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dc.rights.license© 2021. The
dc.contributor.authorSilvestro, S.-
dc.contributor.authorPacifici, A.-
dc.contributor.authorSalese, F.-
dc.contributor.authorVaz, D. A.-
dc.contributor.authorNeesemann, A.-
dc.contributor.authorTirsch, D.-
dc.contributor.authorPopa, C. I.-
dc.contributor.authorPajola, M.-
dc.contributor.authorFranzese, G.-
dc.contributor.authorMongelluzzo, G.-
dc.contributor.authorRuggeri, A. C.-
dc.contributor.authorCozzolino, F.-
dc.contributor.authorPorto, C.-
dc.contributor.authorEsposito, F.-
dc.identifier.citationGeophysical Research Letters 48(4): e2020GL091651(2021)es
dc.descriptionOxia Planum on Mars is the landing site for the ExoMars 2022 mission. The region likely hosted a standing body of water, but the effect of the wind was also important in shaping the landscape. In this study, we first describe a set of linear ridges that, in our interpretation, were sculpted by the wind in a more recent past. We also show that the wind that formed the ridges (Periodic Bedrock Ridges) was blowing from a different direction than the ones that formed younger ripples on top, suggesting a complex geological history of wind erosion and deposition that will be further investigated during the ExoMars
dc.description.abstractWind-formed features are abundant in Oxia Planum (Mars), the landing site of the 2022 ExoMars mission, which shows geological evidence for a past wet environment. Studies of aeolian bedforms at the landing site were focused on assessing the risk for rover trafficability, however their potential in recording climatic fluctuations has not been explored. Here we show that the landing site experienced multiple climatic changes in the Amazonian, which are recorded by an intriguing set of ridges that we interpret as Periodic Bedrock Ridges (PBRs). Clues for a PBR origin result from ridge regularity, defect terminations, and the presence of preserved megaripples detaching from the PBRs. PBR orientation differs from superimposed transverse aeolian ridges pointing toward a major change in wind regime. Our results provide constrains on PBR formation mechanisms and offer indications on paleo winds that will be crucial for understanding the landing site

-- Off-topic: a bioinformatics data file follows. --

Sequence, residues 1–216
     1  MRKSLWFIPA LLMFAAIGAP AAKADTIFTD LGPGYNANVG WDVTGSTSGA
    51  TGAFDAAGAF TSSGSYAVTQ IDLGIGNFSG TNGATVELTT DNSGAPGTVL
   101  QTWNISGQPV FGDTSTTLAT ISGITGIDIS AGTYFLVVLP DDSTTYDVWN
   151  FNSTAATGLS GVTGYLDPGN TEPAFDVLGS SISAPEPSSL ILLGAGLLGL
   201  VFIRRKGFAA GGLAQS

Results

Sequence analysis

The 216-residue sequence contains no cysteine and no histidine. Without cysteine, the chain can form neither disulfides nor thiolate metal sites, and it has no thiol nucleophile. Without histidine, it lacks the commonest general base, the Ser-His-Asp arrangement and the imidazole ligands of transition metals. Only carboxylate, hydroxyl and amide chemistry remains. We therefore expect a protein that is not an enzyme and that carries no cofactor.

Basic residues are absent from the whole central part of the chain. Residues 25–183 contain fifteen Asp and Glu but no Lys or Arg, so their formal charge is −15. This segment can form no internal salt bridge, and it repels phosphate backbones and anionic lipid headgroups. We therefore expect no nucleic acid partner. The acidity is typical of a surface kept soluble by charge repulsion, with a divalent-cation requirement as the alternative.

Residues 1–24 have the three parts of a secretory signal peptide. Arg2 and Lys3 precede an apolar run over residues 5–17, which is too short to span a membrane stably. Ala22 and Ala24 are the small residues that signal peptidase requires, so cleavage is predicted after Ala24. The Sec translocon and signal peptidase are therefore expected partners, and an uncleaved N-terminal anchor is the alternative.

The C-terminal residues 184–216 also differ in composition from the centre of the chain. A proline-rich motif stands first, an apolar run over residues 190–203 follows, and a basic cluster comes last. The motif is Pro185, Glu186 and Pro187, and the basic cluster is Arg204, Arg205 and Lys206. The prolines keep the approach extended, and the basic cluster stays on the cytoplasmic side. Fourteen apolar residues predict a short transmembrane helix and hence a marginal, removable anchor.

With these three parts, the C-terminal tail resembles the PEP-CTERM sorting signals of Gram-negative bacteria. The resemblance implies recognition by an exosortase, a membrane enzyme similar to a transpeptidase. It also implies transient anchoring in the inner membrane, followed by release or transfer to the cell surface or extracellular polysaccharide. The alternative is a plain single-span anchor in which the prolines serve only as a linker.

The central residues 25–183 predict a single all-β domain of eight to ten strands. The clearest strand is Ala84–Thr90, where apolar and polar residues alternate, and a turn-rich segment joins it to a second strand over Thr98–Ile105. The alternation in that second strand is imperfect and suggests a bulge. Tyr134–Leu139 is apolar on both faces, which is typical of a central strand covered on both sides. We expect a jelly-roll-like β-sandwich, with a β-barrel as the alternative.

dc.description.sponsorshipS. Silvestro has been partially supported by NASA MDAP Grant 80NSSC18K1415 and acknowledge L. K. Fenton for her comments. F. Salese is supported by MarsFirstWater, funded by the European Research Council, Consolidator Grant no. 818602 (P. I. Alberto G. Fairen). D. Vaz acknowledge support from CITEUC (project UID/Multi/00611/2020). M. Pajola has been supported for this study by the Italian Space Agency (ASI-INAF agreement no. 2017-03-17). Supporting information is available in the online version of the paper, including supplemental figures and links to the data used for this investigation (Table S1).es
dc.publisherAdvancing Earth and Space Science AGUes
dc.rightsAttribution-NonCommercial-NoDerivs 3.0 Unportedes
dc.titlePeriodic Bedrock Ridges at the ExoMars 2022 Landing Site: Evidence for a Changing Wind Regimees
dc.contributor.orcidPajola, M. [0000-0002-3144-1277]-
dc.contributor.orcidRuggeri, A. C. [0000-0002-1556-2474]-
dc.contributor.orcidTirsch, D. [0000-0001-5905-5426]-
dc.contributor.orcidSalese, F. [0000-0003-0491-0274]-
dc.contributor.orcidSilvestro, S. [0000-0002-3196-6620]-
dc.contributor.orcidMongelluzzo, G. [0000-0003-1182-8252]-
dc.contributor.orcidFranzese, G. [0000-0001-5911-3163]-
dc.contributor.funderNational Aeronautics and Space Administration (NASA)-
dc.contributor.funderEuropean Research Council (ERC)-
dc.contributor.funderAgenzia Spaziale Italiana (ASI)-
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